The Joint Center for Energy Storage Research (JCESR), a US Department of Energy (DOE) Innovation Hub led by DOE’s Argonne National Laboratory is focused on new battery development. Collaborating researchers invented technologies that go beyond conventional lithium-ion technology and have produced more than 30 patents now available for licensing. These patents are technologies including redox flow, lithium-sulfur, multivalent and solid-state.
“The portfolio of intellectual property we’ve developed illustrates our fundamental understanding of how to build, from the atomic level up, molecules that interact and create stable, functioning battery materials,” said Brian Ingram, Argonne materials engineer and JCESR researcher.
Although the market for lithium-ion batteries is booming, the technology is not without its drawbacks. Manufacturing is expensive, they can cause fires—and, therefore, require safety precautions. Lifetime is another limiting factor in current lithium ion batteries.
JCESR researchers are developing alternatives including redox flow, multivalent ion, lithium-sulfur, solid state, and lithium metal.
Redox flow batteries deliver lower amounts of energy over longer durations, compared to lithium-ion. Flow batteries use reusable, externally stored electrolytes, which can make them less expensive, safer, more flexible and adaptable when compared to lithium-ion. The DOE has funded development of redox flow technology as a part of its Long Duration Storage Shot. In studies conducted by JCESR, researchers discovered ways to make redox flow batteries more efficient and energy dense, and they have been awarded patents that address limitations in existing redox flow batteries and another emerging battery technology, non-aqueous flow.
Multivalent-ion batteries can have a higher charge density compared to lithium due to the metals used. Magnesium and calcium, for example, are two of the metals and they are not only more abundant than lithium but are more sustainable. JCESR was awarded a patent on the development of a stable electrolyte that would maintain performance over time.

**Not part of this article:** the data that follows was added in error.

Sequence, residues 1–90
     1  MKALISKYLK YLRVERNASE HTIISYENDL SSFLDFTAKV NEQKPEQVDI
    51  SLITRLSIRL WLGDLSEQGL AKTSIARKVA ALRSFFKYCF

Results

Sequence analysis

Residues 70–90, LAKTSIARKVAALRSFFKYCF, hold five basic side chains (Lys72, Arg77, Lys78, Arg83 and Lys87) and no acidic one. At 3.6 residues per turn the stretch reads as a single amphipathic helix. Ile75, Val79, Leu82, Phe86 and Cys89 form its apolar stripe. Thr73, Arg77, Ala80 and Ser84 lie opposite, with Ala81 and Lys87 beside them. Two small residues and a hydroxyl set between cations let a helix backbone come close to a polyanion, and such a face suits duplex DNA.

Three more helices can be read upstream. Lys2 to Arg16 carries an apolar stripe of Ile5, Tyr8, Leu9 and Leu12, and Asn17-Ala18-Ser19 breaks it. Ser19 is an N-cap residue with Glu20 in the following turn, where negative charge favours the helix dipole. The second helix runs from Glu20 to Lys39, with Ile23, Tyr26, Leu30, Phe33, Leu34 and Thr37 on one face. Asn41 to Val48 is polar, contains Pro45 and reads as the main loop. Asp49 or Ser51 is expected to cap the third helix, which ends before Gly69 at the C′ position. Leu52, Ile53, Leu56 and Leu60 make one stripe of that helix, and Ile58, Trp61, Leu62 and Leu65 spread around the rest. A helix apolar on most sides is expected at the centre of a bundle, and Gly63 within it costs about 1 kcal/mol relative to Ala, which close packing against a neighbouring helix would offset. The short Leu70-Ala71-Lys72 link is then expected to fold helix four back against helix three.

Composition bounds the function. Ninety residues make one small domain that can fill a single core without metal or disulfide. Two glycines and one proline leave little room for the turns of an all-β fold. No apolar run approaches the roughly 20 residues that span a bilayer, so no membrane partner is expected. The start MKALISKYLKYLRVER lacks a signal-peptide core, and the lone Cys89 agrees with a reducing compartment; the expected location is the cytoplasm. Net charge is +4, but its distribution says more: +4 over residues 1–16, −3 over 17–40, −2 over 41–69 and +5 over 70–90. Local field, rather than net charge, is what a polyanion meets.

“The electrolytes that have existed within this space are stable only under a very narrow scope of conditions. With JCESR, we’ve done a lot to expand that stability range,” said Ingram.
Lithium-sulfur (Li-S) batteries use sulfur instead of using a cathode comprised of nickel, manganese, and cobalt, (NMC). Sulfur has shown to have a much higher energy density, and it is very inexpensive. However, the challenge is that when Li-S batteries are discharged, there is a “polysulfide shuttle,” meaning that polysulfides can accumulate in the battery, thus reducing its cycle life. JCESR researchers have developing materials and processes to address this issue, and the resulting intellectual property includes patents for binding materials to prevent polysulfide material from diffusing throughout the battery, as well as for making sulfur cathodes.
“How sulfur is spread out within the cathode is extremely important. You want the sulfur particles not to be in big chunks but rather smaller pieces so that you can have more interfaces where reactions can happen,” said Lei Cheng, Argonne chemist and JCESR researcher. “In our patent we’ve put forward a process for making the sulfur in a way that maximizes the number of interfaces or active sites in the material.”
Solid-state and lithium metal
The advantage of solid-state batteries is that they can hold more energy and charge faster than lithium-ion, making them attractive to the electric vehicle manufacturers. They also have the advantage of using solid electrolytes, so they are non-flammable. Lithium metal is a type of solid-state battery, which has the same problem as solid-state, which is that they form dendrites that can limit the battery life and safety. JCESR researchers have patented a coating for the anodes that they developed in response to this problem. They’ve also developed processes and battery designs intended to enhance efficiency and extend the battery’s life cycle.
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